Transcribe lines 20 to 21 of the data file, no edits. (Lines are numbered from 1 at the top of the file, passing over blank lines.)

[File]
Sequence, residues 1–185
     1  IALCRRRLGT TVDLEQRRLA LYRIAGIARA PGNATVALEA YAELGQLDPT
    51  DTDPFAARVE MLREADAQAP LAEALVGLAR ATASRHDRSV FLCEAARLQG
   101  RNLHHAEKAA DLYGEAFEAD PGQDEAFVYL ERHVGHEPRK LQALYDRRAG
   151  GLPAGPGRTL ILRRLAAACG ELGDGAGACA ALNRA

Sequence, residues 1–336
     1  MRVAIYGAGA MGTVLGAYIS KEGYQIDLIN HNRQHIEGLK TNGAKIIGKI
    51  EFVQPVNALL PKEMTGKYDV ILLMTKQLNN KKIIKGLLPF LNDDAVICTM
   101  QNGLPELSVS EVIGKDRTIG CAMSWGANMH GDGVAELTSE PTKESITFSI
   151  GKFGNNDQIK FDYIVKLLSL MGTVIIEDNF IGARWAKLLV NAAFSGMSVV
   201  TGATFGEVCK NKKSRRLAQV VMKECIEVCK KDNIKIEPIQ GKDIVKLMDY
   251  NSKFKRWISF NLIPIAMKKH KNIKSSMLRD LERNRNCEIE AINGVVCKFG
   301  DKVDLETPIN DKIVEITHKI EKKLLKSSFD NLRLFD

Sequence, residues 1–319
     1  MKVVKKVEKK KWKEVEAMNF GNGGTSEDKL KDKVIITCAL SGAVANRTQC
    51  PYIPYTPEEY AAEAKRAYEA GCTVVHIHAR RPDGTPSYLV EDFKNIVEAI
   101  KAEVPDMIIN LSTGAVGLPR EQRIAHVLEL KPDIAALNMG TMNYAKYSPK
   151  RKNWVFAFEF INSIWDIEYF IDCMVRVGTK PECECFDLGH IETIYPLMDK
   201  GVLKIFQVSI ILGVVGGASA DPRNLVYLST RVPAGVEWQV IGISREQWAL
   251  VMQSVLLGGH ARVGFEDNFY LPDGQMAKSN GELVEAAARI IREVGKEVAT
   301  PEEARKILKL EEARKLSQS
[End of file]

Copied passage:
   251  VMQSVLLGGH ARVGFEDNFY LPDGQMAKSN GELVEAAARI IREVGKEVAT
   301  PEEARKILKL EEARKLSQS